Secondly – how does the budget help facilitate freedom from violence?

New Zealand has largely made its laws equal when it relates to women in the market (women are now allowed to work at night, for example). But we have struggled to facilitate women’s lives to be free from violence. Together with the scars of New Zealand’s colonial legacy, the affects from family violence ricochet through generations, and are one driver to New Zealand’s appalling incarceration rates. Young people who grow up in homes with family violence make up almost 80% of youth offenders.

The budget announcement that the government will spend $320 million on a programme to reduce family and sexual offending is a significant step in the right direction. Change will need sustained work.

Thirdly – what is in there for women dominated professions, such as midwifery, nursing and teaching?

Not much. For now, perhaps due to the self-imposed and arbitrary budget responsibility rules, there isn’t much sign of meaningful pay increases for caring professions. The Ministry of Health has previously apologised in 2018 for failing to deliver on promises to midwives. And for now the government is sticking to its lowball offer for teachers. Watch this space for more strikes.

Fourthly, does the Budget commit to resuming time use surveys?

Time use surveys are a key way to show how much unpaid work is undertaken in society, the majority of which is done by women. As far as I could tell from the statistics vote, New Zealand does not plan to resume them. But I could be wrong.

Finally, while not related to the Budget, I’d like to introduce our organisation to those of you who may not have heard of us. The Helen Clark Foundation is an independent public policy think tank based at the Auckland University of Technology. You can see our work here.

We welcome your help to improve our coverage of this issue. Any examples or experiences to relate? Any links to other news, data or research to shed more light on this? Any insight or views on what might happen next or what should happen next? Any errors to correct?

We welcome your comments below. If you are not already registered, please register to comment.

Remember we welcome robust, respectful and insightful debate. We don't welcome abusive or defamatory comments and will de-register those repeatedly making such comments. Our current comment policy is here.

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If we don't establish a steady-state economy near-term, all the social advances gained thus far will gang aft agley
https://steadystate.org/discover/definition

That involves abandoning GDP as a holy-grail measure, and Robertson correctly channelled Robert Kennedy:
https://en.wikipedia.org/wiki/Robert_F._Kennedy%27s_remarks_at_the_Unive...

But a lot of it still fitted within the 'economics' framework, and the 'growth projections' are little better than tea-leaf readings. At this stage in global proceedings, perhaps 5 billion overshot
https://en.wikipedia.org/wiki/William_R._Catton_Jr.#Overshoot:_The_Ecolo...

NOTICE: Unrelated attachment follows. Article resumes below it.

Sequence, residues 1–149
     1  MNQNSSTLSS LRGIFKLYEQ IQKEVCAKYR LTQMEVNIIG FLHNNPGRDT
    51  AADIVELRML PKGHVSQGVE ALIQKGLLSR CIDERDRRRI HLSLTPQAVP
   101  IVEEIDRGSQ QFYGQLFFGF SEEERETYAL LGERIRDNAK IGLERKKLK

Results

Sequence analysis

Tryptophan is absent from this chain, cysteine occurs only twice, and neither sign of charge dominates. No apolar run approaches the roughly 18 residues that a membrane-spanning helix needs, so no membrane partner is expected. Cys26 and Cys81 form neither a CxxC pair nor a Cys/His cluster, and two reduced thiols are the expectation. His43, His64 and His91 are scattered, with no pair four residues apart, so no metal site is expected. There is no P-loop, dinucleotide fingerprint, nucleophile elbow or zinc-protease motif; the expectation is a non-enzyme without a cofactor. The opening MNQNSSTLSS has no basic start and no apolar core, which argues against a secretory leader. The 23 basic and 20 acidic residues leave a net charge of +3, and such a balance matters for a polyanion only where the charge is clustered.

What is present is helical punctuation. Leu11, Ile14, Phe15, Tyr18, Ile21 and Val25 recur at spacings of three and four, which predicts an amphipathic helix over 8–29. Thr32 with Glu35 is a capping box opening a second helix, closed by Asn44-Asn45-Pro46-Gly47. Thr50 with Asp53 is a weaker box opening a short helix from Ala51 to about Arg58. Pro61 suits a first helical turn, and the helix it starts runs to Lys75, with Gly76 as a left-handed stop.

with a never-bigger collection of infrastructure heading in the direction of entropy and a never worse, never less collection of available resources, we indeed need a new measure and a new way of existing. Here is one of the more thoughtful:
https://www.2000watt.swiss/english.html

But we probably need something like Transition Towns crossed with permaculture, to address life beyond the bottleneck. Whether it's financial collapse or war over what's left, the bottleneck is coming
https://www.resilience.org/stories/2013-10-09/review-the-five-stages-of-...
and we need a plan, and enough who understand the plan. By default, it won't be most of the current 'leadership', although I'd back Ardern to morph when needed.

Steady state is not quite good enough. If the world was carbon neutral tomorrow the backlog of 200 years of fossil fuel burning would remain in our atmosphere for millenia. The oceans would keep warming and the ice melting and with possible feed back issues such as permafrost melting, less sunlight reflected off ice and the Amazon and Congo turning into massive peat fires it is quite possible for much of the world to be uninhabitable. So 'carbon zero' is a step in the right direction but we would still need some new technology to save us (giant mirrors in space is my favourite). Of course the science is still rather iffy - maybe the oceans will just suck up that CO2 and the temperature will only rise a smidgen. Who knows?

And by doing space borne industry and solar energy - the whole miserable argument for steady state economics falls on its face. For every 2500 km up from the surface from the surface the amount of accessible solar energy doubles.

Errington - despite having been sent information on EROEI - is hawking 'green hydrogen' via any outlet she can.

Who is behind this? Parker mentioned it at the LP Conf last year too. Hydrogen is at best an energy-sapping battery, with storage issues. We've known we'd be better with pumped-storage, for more than a decade. Why do these people get exposure-time? It's just a waste of the time remaining.

Family violence is endemic globally sadly. In our part of the planet, I wonder how much the trash television serves up nightly is feeding into it. The relationship between television & murder is hourly (starting at 6.00 pm) & I see this week they're putting together a 'panel of experts' to solve cold case murders for goodness sake.